By Robert Pigott
Religious Affairs Correspondent, BBC News
A retired Anglican archbishop has been formally reprimanded after he admitted that he had taken part in the same-sex marriage of a lesbian couple.
The wedding came as the Church debated the issue of homosexuality
Archbishop Terence Finlay officiated in the ceremony during the summer, as the Anglican Communion struggled to resolve the issue of homosexuality.
He has also had his licence to carry out weddings suspended.
The former senior bishop in Ontario had dismissed a priest in the 1990s for his homosexual relationship.
Archbishop Terence Finlay's acknowledgement that he participated in the marriage service comes as a shock to the Anglican Church, not least because such a senior figure took the action as the fate of the Anglican Communion hung in the balance over the issue of homosexuality.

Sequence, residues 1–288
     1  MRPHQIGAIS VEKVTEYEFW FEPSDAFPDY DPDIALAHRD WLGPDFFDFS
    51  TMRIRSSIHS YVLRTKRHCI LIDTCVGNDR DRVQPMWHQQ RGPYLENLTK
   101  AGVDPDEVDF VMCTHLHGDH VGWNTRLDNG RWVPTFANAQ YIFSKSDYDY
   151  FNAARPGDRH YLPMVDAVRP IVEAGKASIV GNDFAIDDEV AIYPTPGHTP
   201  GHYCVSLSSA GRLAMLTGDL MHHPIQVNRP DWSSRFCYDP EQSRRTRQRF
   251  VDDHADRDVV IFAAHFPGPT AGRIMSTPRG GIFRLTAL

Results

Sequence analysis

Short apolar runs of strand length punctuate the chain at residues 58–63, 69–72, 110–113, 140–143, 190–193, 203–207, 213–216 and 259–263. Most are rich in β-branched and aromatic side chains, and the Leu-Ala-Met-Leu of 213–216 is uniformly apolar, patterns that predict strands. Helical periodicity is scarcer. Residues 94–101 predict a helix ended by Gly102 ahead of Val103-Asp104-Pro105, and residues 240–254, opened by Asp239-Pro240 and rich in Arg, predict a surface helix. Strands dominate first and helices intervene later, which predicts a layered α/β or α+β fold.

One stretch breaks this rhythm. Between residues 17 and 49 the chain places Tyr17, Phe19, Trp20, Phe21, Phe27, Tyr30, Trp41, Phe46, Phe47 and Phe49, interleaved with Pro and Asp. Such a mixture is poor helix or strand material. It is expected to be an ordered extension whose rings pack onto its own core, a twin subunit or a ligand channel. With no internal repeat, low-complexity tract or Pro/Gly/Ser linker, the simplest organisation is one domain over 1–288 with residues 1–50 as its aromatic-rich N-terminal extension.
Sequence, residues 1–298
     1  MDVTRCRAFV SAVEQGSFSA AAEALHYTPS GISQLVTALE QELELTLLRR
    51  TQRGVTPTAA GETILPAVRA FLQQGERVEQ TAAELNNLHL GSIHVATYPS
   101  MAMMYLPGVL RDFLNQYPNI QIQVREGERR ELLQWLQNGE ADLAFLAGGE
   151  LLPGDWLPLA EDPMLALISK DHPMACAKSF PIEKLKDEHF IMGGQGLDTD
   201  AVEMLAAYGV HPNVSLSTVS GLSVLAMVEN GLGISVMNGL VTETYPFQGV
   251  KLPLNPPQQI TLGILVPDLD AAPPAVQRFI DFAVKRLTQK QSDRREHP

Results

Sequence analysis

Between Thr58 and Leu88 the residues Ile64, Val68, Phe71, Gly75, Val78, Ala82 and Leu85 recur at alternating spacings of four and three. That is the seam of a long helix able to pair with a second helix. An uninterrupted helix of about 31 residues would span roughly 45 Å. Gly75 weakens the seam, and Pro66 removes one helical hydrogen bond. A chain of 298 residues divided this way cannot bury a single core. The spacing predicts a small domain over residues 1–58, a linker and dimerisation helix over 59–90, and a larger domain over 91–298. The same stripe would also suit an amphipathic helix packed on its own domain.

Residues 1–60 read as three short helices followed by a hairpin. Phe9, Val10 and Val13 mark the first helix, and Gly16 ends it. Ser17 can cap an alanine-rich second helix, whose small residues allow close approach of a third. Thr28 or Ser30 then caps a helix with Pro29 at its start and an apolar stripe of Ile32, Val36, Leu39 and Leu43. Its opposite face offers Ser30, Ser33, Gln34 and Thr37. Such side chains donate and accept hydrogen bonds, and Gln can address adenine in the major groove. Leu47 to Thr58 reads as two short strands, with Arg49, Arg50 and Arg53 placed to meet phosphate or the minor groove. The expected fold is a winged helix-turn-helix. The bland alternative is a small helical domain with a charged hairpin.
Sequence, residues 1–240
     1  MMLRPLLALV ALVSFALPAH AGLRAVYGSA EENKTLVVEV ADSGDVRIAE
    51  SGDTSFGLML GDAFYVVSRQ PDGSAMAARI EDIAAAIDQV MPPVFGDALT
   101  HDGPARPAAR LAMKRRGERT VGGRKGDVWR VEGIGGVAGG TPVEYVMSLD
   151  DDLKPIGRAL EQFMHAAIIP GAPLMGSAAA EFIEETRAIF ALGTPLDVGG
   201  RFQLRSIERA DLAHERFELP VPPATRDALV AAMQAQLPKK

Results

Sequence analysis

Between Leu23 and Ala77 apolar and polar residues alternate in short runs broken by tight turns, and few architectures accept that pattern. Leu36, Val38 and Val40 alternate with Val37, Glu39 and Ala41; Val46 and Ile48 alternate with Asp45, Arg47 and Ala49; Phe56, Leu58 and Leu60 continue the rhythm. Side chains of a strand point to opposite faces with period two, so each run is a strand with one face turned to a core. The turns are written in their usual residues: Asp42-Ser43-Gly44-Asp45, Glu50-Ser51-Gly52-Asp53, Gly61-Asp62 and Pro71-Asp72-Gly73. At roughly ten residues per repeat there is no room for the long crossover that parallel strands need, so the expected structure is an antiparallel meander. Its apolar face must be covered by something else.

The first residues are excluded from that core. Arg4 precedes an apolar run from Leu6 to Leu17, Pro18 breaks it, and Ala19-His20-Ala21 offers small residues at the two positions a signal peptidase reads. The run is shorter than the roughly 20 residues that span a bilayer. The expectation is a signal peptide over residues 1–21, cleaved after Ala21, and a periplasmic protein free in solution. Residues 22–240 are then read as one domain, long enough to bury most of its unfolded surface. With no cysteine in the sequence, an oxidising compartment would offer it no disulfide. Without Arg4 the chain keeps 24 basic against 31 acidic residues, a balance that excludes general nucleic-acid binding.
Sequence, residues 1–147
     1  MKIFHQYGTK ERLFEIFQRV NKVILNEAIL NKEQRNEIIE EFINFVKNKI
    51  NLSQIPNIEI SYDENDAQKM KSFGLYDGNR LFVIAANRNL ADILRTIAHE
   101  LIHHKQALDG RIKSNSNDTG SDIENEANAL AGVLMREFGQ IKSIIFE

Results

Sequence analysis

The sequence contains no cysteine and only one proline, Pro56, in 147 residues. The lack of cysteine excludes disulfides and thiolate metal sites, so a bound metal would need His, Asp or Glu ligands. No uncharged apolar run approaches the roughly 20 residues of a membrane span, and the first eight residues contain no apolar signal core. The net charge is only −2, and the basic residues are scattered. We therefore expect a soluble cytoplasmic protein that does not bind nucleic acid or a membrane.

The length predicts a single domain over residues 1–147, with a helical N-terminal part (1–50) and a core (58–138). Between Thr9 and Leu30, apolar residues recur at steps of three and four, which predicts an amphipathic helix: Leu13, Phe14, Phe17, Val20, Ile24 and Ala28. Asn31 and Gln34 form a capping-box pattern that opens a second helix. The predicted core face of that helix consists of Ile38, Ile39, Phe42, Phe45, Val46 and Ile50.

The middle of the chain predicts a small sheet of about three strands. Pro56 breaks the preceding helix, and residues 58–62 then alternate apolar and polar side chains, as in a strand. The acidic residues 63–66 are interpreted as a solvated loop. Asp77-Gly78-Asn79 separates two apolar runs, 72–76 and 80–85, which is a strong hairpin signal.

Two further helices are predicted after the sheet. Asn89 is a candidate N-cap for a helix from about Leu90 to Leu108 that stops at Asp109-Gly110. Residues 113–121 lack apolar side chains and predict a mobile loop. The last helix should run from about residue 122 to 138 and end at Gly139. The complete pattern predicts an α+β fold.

Both the Canadian and American Churches have been given what amounts to an ultimatum to stop the blessing in church of same-sex relationships, or be expelled from the Communion.
The Canadian Church's synod will meet next June to decide on the issue.
There will also be surprise at Archbishop Finlay's about-turn on this controversial issue.
In 1992 he sacked the Rev Jim Ferry from his parish for having a homosexual relationship, and even banned him from functioning as a priest anywhere in the Anglican Communion.
Archbishop Finlay said that life in the Church was very different in those days, and that he had reached a new understanding of homosexuality.